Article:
Press Release No: Individual Application 42/22

Press Release concerning the Judgment Finding a Violation of the Freedom of Expression due to the Compensation Awarded against the Applicant on account of His Expressions towards the Minister of Foreign Affairs

On 22 February 2022, the First Section of the Constitutional Court found a violation of the freedom of expression safeguarded by Article 26 of the Constitution in the individual application lodged by Mustafa Hidayet Vahapoğlu (no. 2019/19608).

The Facts

The applicant, a politician, used certain unfavourable expressions towards the then minister of foreign affairs during a fast-breaking meal organised by the political party of which he was a member, where he was directing criticisms towards the Government.

The Minister A.D. (the plaintiff) brought an action for non-pecuniary damages amounting to 10,000 Turkish liras (“TRY”) before the incumbent civil court on the allegation that the applicant had infringed his personal rights on account of his expressions. The civil court, partially accepting the action, ordered the applicant to pay the plaintiff TRY 2,000 as compensation. In its reasoning, the civil court stated that the impugned expressions exceeded the limits of criticism, that as was the case for any type of criticism, political criticisms must not exceed the acceptable limits of criticism and must not be directed at the personal rights, and that however, the impugned expressions amounted to defamation. The first instance decision, which had been appealed, became final upon being upheld by the Court of Cassation.

The Applicant’s Allegations

The applicant maintained that the award of compensation against him on account of his expressions towards the minister of foreign affairs had been in breach of his freedom of expression.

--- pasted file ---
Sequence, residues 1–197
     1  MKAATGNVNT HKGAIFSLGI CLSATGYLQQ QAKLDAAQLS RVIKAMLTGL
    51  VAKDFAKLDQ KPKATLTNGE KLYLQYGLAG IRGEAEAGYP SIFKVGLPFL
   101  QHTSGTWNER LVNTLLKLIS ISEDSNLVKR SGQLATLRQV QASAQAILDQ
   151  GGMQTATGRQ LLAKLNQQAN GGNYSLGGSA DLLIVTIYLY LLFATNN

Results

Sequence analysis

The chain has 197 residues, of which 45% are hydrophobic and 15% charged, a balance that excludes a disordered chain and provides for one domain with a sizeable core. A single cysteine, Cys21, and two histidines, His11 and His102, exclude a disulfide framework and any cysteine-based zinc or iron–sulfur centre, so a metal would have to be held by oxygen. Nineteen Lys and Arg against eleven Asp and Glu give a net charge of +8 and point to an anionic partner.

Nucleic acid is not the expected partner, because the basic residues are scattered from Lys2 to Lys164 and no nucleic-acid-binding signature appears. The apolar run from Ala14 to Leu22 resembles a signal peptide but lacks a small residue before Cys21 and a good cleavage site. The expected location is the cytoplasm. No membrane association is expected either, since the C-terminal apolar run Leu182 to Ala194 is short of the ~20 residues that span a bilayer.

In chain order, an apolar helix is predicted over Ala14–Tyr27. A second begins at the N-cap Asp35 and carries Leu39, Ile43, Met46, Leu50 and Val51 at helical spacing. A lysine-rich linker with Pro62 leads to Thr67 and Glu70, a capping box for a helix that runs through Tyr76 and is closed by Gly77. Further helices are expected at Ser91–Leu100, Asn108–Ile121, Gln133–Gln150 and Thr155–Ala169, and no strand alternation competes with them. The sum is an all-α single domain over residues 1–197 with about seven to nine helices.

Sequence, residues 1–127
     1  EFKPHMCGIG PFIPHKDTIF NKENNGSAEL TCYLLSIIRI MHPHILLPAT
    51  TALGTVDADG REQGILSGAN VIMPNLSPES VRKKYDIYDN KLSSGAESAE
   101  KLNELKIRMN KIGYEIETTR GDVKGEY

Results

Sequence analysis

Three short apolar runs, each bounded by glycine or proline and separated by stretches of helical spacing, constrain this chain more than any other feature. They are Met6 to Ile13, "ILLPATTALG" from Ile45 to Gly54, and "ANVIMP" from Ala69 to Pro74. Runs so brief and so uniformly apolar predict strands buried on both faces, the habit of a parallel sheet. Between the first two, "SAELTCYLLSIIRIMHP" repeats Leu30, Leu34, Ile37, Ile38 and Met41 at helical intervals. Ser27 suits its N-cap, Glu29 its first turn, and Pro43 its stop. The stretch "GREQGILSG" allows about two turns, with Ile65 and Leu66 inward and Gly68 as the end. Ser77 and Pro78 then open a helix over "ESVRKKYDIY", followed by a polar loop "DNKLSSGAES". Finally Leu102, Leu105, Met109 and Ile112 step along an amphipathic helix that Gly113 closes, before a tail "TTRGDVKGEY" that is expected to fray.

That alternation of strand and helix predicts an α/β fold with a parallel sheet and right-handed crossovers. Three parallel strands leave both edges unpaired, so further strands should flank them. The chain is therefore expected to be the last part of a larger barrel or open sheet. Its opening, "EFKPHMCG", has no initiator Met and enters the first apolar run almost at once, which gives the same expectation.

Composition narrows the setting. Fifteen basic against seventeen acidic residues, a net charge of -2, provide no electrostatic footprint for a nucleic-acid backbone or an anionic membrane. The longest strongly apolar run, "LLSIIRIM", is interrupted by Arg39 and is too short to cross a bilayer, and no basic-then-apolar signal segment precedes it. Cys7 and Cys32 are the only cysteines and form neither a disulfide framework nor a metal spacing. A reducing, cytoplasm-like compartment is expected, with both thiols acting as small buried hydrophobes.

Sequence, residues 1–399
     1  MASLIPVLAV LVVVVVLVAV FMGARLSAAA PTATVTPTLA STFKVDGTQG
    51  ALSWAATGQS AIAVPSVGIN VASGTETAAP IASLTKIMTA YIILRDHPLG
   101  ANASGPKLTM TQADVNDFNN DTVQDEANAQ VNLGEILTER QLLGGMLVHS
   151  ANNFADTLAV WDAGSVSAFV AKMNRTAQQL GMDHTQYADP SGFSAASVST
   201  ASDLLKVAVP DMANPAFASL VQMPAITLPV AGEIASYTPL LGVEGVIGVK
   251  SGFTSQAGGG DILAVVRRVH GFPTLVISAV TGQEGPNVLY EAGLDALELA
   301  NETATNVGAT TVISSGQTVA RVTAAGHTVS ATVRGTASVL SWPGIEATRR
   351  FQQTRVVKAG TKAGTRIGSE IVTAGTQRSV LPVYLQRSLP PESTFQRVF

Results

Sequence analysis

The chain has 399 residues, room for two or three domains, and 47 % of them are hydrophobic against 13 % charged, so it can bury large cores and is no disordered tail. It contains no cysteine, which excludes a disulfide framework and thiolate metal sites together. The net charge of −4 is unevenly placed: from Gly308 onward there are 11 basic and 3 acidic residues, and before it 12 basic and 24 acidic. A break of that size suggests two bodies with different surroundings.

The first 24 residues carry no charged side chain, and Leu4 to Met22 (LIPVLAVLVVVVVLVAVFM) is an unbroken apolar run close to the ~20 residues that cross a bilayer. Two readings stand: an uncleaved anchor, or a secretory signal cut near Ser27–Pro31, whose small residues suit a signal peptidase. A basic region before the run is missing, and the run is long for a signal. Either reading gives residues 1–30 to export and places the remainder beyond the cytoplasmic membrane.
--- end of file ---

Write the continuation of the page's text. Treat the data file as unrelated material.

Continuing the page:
The Court’s Assessment

It has been observed that in the present case, the civil court had extracted the impugned expression from the text as a whole. However, in ascertaining whether any restriction has been in breach of the freedom of expression, the inferior courts must consider the impugned expressions in the light of the whole text, without extracting them from the context.

It should not be also disregarded that the impugned speech was addressed by a politician, member of an opposition party, to a limited number of guests, who were also members of the same party. The applicant aimed to gain an advantage in the political arena by targeting the ruling party and the plaintiff, who was a member of the ruling party, as well as to thereby motivate the members of his own party. At this point, it should be accepted that the expressions used by the politicians towards each other are a part of their political style that is intended to obviously create polemics, trigger aggressive reactions and consolidate its followers.

It should be also borne in mind that any disturbances regarding the issues of general interest and undoubtedly contributing to a public debate may be voiced merely in democratic regimes, where views and thoughts may be expressed without any obstacle being faced.

It is evident that the freedom of expression is of particular importance for the elected members of the parliament, who represent the voters, voice their requests, concerns and views in the political arena and stand up for their interests. Therefore, if the interference is directed at the freedom of expression enjoyed by a politician and especially a member of the opposition party, the applications should be subject to a very strict scrutiny. In addition, as the incidents giving rise to the present application were related to the politicians, acting as a public figure, the acceptable limits of criticism are wider compared to the limits applicable for ordinary persons. Therefore, the plaintiff should have shown more tolerance towards the impugned criticisms compared to those directed at the ordinary persons.

The civil court failed to strike a balance between the applicant’s freedom of expression and the plaintiff’s right to honour and dignity. The grounds relied on by the civil court in ordering the applicant to pay compensation cannot be regarded as relevant and sufficient reasons to justify the impugned interference with his freedom of expression. It has been thus concluded that the compensation awarded against the applicant did not meet a pressing social need.

Consequently, the Court has found a violation of the freedom of expression.  

This press release prepared by the General Secretariat intends to inform the public and has no binding effect.